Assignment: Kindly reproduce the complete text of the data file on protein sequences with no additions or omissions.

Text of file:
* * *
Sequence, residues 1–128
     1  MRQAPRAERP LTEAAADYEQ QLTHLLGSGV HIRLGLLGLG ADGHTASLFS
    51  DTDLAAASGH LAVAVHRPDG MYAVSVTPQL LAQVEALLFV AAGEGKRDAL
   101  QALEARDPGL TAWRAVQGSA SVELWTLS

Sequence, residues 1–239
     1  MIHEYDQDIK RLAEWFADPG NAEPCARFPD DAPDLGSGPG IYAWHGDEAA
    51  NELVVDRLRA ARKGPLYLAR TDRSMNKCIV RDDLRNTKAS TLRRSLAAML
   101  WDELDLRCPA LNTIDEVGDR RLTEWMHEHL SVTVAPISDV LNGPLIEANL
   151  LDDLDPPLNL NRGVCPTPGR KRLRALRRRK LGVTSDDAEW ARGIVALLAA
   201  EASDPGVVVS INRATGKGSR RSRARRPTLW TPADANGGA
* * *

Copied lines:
Sequence, residues 1–128
     1  MRQAPRAERP LTEAAADYEQ QLTHLLGSGV HIRLGLLGLG ADGHTASLFS
    51  DTDLAAASGH LAVAVHRPDG MYAVSVTPQL LAQVEALLFV AAGEGKRDAL
   101  QALEARDPGL TAWRAVQGSA SVELWTLS

Sequence, residues 1–239
     1  MIHEYDQDIK RLAEWFADPG NAEPCARFPD DAPDLGSGPG IYAWHGDEAA
    51  NELVVDRLRA ARKGPLYLAR TDRSMNKCIV RDDLRNTKAS TLRRSLAAML
   101  WDELDLRCPA LNTIDEVGDR RLTEWMHEHL SVTVAPISDV LNGPLIEANL
   151  LDDLDPPLNL NRGVCPTPGR KRLRALRRRK LGVTSDDAEW ARGIVALLAA
   201  EASDPGVVVS INRATGKGSR RSRARRPTLW TPADANGGA